Beijing, Brussels bilateral relations
Updated: 2013-08-06 06:47
By Fu Jing (China Daily)
With most officials in Brussels enjoying summer retreats, Trade Commissioner Karel De Gucht has grabbed headlines by announcing an "amicable solution" for the probe over China's solar panel exports to Europe.
With unusual and friendly wording, De Gucht, who in the past has tried to lecture China over "game rules", has peacefully ended the one-year bout, which is related to more than 400,000 Chinese jobs and 250,000 European jobs.
I clearly remember a big Reuters story in early September 2012 saying that Brussels would start an anti-dumping investigation over China's solar panel exports. That report started the long-running coverage of the pros and cons of the multi-billion-dollar trade probe.
The compromises made by both sides have protected jobs, a fundamental success for Europe, which is mired in a recession, and China, which is seeing an economic slowdown.
The agreement has stopped Brussels from levying harsh punitive tariffs on China's solar exporters starting on Aug 6. If that happened both sides would have entered a trade war.
Instead, Chinese manufacturers will be able to sell their products with a minimum price to allow Brussels to protect European companies, which only provide a small number of jobs because the manufacturing of solar panels has basically been transferred to China.
Clearly, China and Europe have been closely interlocked in a chain of solar panel production and installation for several years. China's efficient manufacturing and relatively cheaper products have helped Europe become the pioneer of green energy globally and Europe should be credited for these initiatives. This is the big picture. The two sides have great potential to expand this partnership beyond Europe.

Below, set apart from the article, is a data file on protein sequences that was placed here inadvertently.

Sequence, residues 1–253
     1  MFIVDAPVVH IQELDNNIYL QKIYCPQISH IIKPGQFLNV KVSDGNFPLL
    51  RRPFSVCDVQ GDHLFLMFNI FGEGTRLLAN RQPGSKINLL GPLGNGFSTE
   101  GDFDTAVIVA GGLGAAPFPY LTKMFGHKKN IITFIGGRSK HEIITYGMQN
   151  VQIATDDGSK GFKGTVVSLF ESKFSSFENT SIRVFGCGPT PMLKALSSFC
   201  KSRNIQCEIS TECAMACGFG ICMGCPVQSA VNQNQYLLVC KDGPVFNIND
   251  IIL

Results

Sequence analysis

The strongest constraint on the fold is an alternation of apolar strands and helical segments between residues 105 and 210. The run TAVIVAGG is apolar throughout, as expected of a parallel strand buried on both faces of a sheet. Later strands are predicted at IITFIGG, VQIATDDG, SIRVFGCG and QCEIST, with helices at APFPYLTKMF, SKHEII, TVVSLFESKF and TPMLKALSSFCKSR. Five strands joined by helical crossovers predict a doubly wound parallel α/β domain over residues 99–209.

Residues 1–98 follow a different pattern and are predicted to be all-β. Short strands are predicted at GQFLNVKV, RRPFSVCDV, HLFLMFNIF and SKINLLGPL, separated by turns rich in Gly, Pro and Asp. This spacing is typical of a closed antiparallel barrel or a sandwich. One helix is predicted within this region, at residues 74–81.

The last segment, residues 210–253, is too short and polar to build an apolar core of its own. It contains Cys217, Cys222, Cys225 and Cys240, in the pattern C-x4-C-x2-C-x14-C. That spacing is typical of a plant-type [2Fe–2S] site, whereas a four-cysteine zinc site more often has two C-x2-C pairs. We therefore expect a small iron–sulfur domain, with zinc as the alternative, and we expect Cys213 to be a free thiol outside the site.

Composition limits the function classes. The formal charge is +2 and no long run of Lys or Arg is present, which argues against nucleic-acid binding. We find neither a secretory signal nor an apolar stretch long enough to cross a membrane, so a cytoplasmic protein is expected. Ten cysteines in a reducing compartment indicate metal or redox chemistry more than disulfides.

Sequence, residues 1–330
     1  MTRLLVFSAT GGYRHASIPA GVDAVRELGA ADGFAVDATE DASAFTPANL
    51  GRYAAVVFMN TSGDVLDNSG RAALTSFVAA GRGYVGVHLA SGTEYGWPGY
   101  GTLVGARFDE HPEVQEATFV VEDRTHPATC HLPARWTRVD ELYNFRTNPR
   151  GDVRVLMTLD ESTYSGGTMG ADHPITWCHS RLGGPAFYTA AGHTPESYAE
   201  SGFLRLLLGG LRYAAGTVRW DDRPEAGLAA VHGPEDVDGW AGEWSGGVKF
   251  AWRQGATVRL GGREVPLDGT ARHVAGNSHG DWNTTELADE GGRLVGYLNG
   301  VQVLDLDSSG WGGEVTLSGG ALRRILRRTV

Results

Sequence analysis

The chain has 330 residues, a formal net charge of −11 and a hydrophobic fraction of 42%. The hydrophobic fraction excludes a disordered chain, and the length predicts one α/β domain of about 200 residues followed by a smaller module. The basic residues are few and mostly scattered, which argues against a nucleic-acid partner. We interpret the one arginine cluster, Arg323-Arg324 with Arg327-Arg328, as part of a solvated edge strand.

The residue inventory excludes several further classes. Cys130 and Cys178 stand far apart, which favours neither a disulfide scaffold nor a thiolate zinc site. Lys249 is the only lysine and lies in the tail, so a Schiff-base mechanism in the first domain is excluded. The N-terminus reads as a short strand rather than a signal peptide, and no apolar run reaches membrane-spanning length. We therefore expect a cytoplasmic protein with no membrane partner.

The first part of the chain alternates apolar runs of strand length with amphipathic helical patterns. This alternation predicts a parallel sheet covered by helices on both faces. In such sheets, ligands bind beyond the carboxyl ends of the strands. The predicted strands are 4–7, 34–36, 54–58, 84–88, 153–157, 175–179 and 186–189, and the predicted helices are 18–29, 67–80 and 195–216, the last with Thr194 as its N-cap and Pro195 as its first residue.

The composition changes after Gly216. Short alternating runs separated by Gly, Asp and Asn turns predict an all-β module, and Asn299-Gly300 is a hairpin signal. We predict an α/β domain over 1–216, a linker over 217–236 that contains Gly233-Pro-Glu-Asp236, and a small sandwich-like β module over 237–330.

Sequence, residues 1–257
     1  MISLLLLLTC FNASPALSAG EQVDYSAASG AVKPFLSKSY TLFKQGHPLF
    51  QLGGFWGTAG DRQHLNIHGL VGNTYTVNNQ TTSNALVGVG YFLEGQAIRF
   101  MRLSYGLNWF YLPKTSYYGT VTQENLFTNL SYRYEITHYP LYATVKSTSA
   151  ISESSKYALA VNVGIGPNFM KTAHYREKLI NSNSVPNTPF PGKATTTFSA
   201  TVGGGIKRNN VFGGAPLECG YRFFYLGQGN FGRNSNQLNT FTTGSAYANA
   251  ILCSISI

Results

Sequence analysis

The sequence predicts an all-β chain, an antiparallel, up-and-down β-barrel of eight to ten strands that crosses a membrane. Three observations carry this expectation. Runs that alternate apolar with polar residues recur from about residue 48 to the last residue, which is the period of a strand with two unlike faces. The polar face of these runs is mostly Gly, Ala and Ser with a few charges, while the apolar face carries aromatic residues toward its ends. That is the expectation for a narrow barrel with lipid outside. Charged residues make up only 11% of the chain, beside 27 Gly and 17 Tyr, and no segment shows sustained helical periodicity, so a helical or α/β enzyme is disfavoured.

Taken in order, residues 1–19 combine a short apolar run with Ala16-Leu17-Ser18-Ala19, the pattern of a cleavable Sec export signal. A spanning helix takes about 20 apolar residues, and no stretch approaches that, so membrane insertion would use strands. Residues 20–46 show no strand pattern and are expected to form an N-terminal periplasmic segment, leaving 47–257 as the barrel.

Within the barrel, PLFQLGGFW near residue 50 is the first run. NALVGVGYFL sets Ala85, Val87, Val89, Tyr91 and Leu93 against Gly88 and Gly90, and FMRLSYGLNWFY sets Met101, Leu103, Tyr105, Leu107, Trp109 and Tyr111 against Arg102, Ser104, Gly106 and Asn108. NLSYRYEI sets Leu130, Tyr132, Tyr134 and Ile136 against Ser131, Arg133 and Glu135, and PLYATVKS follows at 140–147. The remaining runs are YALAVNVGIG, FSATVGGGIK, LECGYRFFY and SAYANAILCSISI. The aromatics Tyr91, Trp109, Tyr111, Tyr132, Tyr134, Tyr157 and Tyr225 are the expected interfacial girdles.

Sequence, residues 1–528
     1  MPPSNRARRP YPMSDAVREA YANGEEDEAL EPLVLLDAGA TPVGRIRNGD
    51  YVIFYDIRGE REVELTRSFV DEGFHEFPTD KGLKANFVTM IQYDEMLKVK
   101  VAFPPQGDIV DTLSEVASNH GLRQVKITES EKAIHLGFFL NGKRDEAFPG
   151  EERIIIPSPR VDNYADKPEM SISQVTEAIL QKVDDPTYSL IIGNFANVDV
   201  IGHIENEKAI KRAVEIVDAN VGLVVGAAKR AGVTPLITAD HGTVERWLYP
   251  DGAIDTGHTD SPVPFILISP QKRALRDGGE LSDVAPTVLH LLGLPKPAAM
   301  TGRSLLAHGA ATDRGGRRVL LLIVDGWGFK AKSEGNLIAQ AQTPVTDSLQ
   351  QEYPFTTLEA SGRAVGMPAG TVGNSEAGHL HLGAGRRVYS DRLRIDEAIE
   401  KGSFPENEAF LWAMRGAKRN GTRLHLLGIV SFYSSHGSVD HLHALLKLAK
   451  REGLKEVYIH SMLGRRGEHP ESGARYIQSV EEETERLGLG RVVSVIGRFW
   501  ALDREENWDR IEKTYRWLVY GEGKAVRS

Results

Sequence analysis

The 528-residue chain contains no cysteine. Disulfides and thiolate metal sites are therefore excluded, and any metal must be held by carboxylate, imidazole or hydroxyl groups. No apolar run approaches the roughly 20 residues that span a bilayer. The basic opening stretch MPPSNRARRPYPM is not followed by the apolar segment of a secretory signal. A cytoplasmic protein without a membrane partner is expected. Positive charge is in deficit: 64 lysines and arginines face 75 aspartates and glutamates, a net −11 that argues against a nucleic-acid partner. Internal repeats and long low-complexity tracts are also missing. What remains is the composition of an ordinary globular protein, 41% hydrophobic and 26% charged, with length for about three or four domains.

Fortunately, the amicable solution has avoided the escalation of trade frictions and a possible trade war.
Meanwhile, China has decided to expand its own market for solar panel installations and I think this also means huge opportunities for both the Chinese and European solar industries, which are in a relation involving upstream and downstream chains and have built up a deep understanding, which politicians didn't see.
Brussels trade regulators should have been aware of this. In the past year, I had numerous talks with scholars and politicians over the evolution of the dispute and several of them have shed light on the matter.
And many others have said that the two sides should focus on investment pacts and feasibility studies for free trade talks after dealing with the trade dispute.
Despite the avoidance of the escalation of the trade frictions, we still need time and patience to put the bilateral relationship on a robust path.
This is mainly because the European Union has entered into a leadership transition period until next year, after China successfully filled its leadership positions in March.
So, Beijing needs to wait for Brussels to take bilateral ties into the fast lane, if there is one.